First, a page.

Next day the wind was harder and showed velocities of 19 to 21 knots, but while the strength of the breeze was felt at the outer mark, it softened to about 8 knots at the inner mark, and Sir Tom won by 27 seconds from Riowna with Lady V third and Turenga fourth. As the Isherwood trophy rules called for three races, the yachts met again the following day. At last Riowna got the breeze she needed. With an average of 32 miles per hour Riowna made wonderful weather of it with a single reef, while Sir Tom seemed overpowered with two reefs in her mainsail. Lady V was disabled through a spreader giving away, though she was in third place when she had to give up. The result was that Riowna won by a five minute margin with Sir Tom second and Turenga third. However, Sir Tom retained both Lipton and Isherwood Cups.


The Riowna was then acquired by G.F. Gyles, and in 1926 she met Sir Tom at Seattle, with Cedric Gyles at the helm. Sir Tom on this occasion was skippered by Jack Graham, and Turnega was sailed by Philip Rogers. RiownaŐs crew was Cedric Gyles, Norman Gyles, Murray Rowan and Harry Jones. While TurnegaŐs crew was Philip Rogers, Pat Burns, Temple McMullen and Gardner Boultbee. Again Sir Tom proved her superiority and held onto the Lipton trophy.


With Riowna hopelessly outclassed except in half a gale, the Vancouver yachtsmen began to think of a new challenger and a syndicate was formed which secured designs from John Alden. This was the Lady Pat, built by Vancouver Drydock and Salvage Co. at North Vancouver. The 1927 international regatta was held in Vancouver and the new challenger was skippered by Ron Maitland with a crew consisting of Phil Whitehead, Tom Ramsay and W.G. Mackenzie. Geary was again at the tiller of Sir Tom and Cedric Gyles handled the Riowna. The first dayŐs race was won by Lady Pat handily with a lead of one minute, 58 seconds due largely to an error by Geary who apparently lost count of the rounds, and thought he had finished at the end of the second, where he was in the lead. He took up the race again but was unable to overtake Lady Pat although he passed Riowna. The boats had a westerly breeze of 7 to 9 knots.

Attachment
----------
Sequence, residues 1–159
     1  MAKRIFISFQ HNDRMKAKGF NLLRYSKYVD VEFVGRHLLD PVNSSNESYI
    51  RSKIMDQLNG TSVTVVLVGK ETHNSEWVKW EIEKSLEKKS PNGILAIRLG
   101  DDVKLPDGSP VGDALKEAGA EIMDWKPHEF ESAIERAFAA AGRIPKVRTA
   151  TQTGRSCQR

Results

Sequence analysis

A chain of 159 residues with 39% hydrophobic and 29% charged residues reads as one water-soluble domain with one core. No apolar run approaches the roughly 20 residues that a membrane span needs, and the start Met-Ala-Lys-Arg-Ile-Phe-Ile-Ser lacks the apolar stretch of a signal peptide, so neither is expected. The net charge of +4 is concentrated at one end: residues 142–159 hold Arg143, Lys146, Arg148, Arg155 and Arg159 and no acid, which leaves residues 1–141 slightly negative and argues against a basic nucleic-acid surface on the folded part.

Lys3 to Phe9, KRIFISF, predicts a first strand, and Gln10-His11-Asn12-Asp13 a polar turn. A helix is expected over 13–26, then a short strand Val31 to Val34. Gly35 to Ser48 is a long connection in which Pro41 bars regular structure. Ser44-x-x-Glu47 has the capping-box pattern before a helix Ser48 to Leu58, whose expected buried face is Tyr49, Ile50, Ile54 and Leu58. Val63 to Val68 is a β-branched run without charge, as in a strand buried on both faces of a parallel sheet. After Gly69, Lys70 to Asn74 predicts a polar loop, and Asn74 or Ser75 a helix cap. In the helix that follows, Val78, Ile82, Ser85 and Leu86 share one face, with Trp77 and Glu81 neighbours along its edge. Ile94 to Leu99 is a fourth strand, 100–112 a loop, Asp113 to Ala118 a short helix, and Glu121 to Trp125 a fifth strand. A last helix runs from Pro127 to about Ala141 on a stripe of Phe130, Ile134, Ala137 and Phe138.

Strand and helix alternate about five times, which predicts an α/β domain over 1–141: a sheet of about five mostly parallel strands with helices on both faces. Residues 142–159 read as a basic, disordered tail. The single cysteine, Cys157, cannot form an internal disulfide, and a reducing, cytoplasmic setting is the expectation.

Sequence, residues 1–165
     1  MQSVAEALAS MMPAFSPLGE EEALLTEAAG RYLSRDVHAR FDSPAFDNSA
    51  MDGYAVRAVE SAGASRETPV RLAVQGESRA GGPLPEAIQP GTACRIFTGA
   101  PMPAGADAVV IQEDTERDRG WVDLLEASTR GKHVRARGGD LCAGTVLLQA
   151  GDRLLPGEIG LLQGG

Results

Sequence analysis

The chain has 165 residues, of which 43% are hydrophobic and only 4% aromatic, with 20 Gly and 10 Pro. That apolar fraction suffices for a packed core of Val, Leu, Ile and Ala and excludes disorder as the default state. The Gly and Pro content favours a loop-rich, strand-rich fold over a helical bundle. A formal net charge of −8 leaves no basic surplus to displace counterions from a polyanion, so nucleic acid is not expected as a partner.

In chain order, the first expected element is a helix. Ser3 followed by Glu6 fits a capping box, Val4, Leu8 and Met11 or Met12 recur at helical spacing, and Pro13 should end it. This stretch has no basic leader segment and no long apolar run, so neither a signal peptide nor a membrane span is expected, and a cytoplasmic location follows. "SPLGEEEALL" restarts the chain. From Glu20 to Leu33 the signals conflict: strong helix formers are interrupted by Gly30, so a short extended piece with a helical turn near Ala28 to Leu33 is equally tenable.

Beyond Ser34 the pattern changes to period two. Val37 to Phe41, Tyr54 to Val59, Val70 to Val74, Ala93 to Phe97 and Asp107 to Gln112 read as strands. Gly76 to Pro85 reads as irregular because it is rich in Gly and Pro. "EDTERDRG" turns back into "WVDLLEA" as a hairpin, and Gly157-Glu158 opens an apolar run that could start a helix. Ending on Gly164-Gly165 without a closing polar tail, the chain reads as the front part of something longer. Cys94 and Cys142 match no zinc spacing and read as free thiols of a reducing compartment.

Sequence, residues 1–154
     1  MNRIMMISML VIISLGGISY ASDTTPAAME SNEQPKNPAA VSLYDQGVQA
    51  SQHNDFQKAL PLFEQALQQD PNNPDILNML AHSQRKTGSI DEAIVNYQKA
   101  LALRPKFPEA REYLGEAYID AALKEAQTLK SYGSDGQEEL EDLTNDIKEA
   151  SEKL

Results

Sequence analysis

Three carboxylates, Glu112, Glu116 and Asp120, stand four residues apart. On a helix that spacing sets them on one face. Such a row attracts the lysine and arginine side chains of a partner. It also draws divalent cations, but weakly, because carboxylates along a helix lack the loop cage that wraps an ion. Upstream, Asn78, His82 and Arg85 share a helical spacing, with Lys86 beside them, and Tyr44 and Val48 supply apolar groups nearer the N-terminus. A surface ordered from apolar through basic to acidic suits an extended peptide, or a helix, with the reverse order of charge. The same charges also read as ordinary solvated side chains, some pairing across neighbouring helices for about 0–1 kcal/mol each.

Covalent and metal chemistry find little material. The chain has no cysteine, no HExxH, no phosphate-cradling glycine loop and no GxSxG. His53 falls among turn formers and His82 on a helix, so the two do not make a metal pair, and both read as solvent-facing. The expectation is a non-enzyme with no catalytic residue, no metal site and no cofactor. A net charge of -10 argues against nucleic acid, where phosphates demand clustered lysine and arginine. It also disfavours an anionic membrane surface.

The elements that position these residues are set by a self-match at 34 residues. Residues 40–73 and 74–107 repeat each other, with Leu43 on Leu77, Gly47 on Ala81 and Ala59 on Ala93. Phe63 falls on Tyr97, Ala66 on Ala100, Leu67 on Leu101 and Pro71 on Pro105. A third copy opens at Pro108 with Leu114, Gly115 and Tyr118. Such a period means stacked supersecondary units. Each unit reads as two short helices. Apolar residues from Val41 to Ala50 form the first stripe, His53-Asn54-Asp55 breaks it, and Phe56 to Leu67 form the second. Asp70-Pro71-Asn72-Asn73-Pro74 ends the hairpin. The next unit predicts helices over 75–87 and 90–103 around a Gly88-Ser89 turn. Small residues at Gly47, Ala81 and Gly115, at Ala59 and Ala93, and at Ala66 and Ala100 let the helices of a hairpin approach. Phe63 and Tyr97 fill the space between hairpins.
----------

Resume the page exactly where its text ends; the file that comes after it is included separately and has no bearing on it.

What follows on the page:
Next day Sir Tom won by about six minutes in a light wind. On the third day, after the preliminary gun had been fired and the race was officially on, Sir TomŐs main halyard carried away and the mainsail came down on deck. In the interest of good sport, Maitland and Gyles asked the judges to postpone the contest until Geary could get his repairs completed. After half an hourŐs postponement the race got away with Cedric Gyles sailing Riowna in the windward berth and Lady Pat under her lee, but slightly ahead, and Sir Tom further to leeward. The race was sailed in a fresh easterly breeze, Sir Tom winning by about a minute from Lady Pat, and beating Riowna by about four minutes. So the Seattle boat once again captured the series and retained the Lipton Cup. Riowna was crewed in this race by Cedric Gyles, H.A. Jones, G.F. Gyles and Art Jefferd.


In 1928 another syndicate built an R boat and entered the lists under RVYC colours to race against Sir Tom. This was the famous Lady Van designed by C.E. Nicholson. She was in many respects similar to the Nicholson-designed Patricia, but with specifications to suit the light weather conditions expected on English Bay. She was launched by Vancouver Drydock Co.


She measures 39 ft overall, 23 feet at the waterline, and seven feet on inch beam at the waterline. Her measurements were the closest to Sir Tom of any boat racing for the Lipton Cup, the American yacht being 40 feet overall, 22.7 feet at the waterline and 7.4 feet beam.


Lady Van was double planked with red cedar. There was very keen tuning up for the international regatta, with skipper Tom Ramsay having as his crew Art Jefferd, Bob Rowan, and W.H. Savage. Ron MaitlandŐs crew in Lady Pat consisted of Jack McDougall, Dean Johnson and W.G. McKenzie, while G.F. Gyles in the Riwona had in his crew Cedric and Norman Gyles, Harry Jones and Francis Akhurst.


When the yachts met in the Lipton Cup contest at Vancouver in July 1928, Sir Tom won three straight races in light to moderate easterly winds, but it was no easy contest, and in the first race she did not get the lead until well along in the race. The margin between Sir Tom and the second boat ranged from two minutes and 20 seconds in the first race to nearly three minutes in the third. The finishes might have been closer and not so favourable to Sir Tom if it had not been for the keen rivalry between Lady Pat and Lady Van. Lady Pat got second place in the first two races and Lady Van was second in the third race, the points for the series being: Sir Tom, 12; Lady Pat, 8; Lady Van, 7; and Riowna, 3. Riowna was well sailed but had no chance with the others in the prevailing light weather.